The $13.7 billion acquisition of Whole Foods by Amazon earlier this year was a curious choice by the online giant at the time, but a deeper look into basic concepts of the M&A deal serves as proof that Amazon has a plan. With the significant decline in brick-and-mortar retail over the past few years, due in large part to Amazon engulfing the industry along with other major online marketplaces such as Alibaba and eBay, one would assume that acquiring a physical retail chain would be counter-intuitive given the current market climate. However, Amazon analyzed the existing state of its business and its due diligence concluded that the addition of Whole Foods was just the synergy it needed to implement its takeover of the grocery industry and fill a glaring weakness in its business plan.
The deal opens up 465 physical stores to Amazon for distribution in prime locations throughout the United States. The idea of an online and home delivery grocer which has distribution sites throughout the country could take over grocery shopping as we know it; and Amazon saw that. Amazon can utilize the physical locations as a storefront and showroom, while simultaneously running a distribution operation out of the back of the same locations. The vast distribution sites will also allow Amazon to cut costs and, in turn, prices on many grocery products to further drive competition in the industry.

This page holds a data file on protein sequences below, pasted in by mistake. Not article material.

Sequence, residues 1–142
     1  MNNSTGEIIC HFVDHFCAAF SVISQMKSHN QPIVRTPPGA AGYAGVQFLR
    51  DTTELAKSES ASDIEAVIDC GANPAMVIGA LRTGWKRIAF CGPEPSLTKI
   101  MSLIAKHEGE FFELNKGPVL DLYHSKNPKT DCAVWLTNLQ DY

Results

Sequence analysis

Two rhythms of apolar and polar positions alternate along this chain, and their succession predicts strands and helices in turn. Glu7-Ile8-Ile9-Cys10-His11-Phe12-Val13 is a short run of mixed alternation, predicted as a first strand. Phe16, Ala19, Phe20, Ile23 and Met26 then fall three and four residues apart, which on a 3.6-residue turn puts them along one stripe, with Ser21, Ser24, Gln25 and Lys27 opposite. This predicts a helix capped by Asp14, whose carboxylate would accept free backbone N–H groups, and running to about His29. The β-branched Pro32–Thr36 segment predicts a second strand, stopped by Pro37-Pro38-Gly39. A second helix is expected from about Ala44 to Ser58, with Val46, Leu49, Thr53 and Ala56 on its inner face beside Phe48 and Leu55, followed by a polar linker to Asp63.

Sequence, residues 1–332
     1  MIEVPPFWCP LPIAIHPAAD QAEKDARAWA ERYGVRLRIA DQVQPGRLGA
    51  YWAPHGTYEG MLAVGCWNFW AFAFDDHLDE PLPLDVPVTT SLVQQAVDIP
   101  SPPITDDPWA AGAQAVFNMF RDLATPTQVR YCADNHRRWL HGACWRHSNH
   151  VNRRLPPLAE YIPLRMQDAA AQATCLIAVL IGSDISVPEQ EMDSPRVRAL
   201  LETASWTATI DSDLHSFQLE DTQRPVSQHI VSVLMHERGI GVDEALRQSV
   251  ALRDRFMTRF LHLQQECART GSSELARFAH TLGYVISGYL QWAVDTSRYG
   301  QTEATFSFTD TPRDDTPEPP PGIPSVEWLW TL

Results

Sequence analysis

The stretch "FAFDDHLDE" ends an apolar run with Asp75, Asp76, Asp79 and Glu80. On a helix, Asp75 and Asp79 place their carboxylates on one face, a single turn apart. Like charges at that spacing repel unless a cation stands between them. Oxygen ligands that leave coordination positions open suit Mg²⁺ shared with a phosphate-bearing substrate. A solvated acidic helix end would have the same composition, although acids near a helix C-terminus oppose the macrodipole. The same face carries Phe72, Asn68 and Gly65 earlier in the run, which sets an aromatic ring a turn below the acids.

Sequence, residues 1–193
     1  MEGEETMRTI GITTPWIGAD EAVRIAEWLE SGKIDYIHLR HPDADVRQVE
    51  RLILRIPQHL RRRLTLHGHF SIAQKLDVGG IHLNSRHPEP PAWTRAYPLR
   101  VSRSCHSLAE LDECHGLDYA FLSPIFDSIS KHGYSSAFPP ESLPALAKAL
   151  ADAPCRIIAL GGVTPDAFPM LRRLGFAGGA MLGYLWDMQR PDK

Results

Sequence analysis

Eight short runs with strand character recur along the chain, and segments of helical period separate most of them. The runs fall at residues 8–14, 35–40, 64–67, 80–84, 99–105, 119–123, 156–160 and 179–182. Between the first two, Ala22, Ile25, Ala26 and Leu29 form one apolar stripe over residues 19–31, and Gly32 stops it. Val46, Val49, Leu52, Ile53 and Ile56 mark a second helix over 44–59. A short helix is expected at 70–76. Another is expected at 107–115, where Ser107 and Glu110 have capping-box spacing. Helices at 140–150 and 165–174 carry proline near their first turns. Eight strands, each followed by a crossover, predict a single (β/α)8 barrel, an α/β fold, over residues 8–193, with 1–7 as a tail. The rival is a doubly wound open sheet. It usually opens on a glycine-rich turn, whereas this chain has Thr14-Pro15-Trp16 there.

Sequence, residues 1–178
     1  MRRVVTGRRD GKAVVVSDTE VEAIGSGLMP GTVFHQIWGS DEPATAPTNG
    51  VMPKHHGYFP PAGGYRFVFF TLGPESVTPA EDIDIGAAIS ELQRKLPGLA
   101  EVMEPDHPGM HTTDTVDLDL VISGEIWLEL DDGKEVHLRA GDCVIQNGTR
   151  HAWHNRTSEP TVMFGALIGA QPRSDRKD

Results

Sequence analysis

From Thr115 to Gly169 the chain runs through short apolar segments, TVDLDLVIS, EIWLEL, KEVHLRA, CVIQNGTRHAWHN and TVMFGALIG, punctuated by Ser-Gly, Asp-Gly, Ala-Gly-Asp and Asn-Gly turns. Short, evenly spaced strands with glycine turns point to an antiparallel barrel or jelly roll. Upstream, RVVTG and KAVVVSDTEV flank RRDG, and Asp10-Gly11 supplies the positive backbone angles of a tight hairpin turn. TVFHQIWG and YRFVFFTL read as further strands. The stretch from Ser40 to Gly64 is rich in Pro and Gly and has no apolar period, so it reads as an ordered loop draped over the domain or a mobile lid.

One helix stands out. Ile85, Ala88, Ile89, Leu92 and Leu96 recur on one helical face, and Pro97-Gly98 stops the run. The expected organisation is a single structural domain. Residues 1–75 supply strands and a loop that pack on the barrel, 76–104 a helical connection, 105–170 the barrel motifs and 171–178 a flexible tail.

In addition to the physical benefits of the deal, Amazon will further grow its intellectual database to better tailor customer shopping experiences. Since Whole Foods is a subsidiary of Amazon, Whole Foods is a separately run organization not subject to Amazon’s activist shareholder base. This allows Amazon to take risks and reinsert cash flow back into the business without having to worry about the stock price. Amazon, through Whole Foods, will be able to develop customer shopping experiences at both the online and physical store levels, by introducing technologies that interpret and analyze customer shopping habits.
The Amazon acquisition of Whole Foods provides a solid lesson for business owners of all sizes. By engaging in an analysis of your business’s strengths and weaknesses, you will be able to determine what areas could use improvement. It is not always best to try pouring money into your business to fix your weaknesses. There is likely to be one or more businesses out there that will provide the optimal synergies to your business with a business structure already in place. Amazon found that it could better serve its customer base and expand into the grocery industry by acquiring Whole Foods as opposed to pouring money into its own attempts to develop a grocery business. With that, Amazon was able to acquire valuable real estate throughout the United States, a distribution hub network, and a substantially improved customer database to develop tailored shopping experiences.
As a business owner, continued internal analysis of your business’ efficiency to make improvements from within is important, but it is just as important to be knowledgeable of opportunities presented by the market. Every business owner should sit down with their legal and financial adviser to discuss opportunities that can improve and grow their businesses; it may turn out that a strategic acquisition was what you were missing all along.
Bryan J. Rush is an associate with Tripp Scott in Fort Lauderdale. He focuses on corporate and real estate transactions, entrepreneurial business services, and providing counsel to businesses of all sizes in various industries and markets.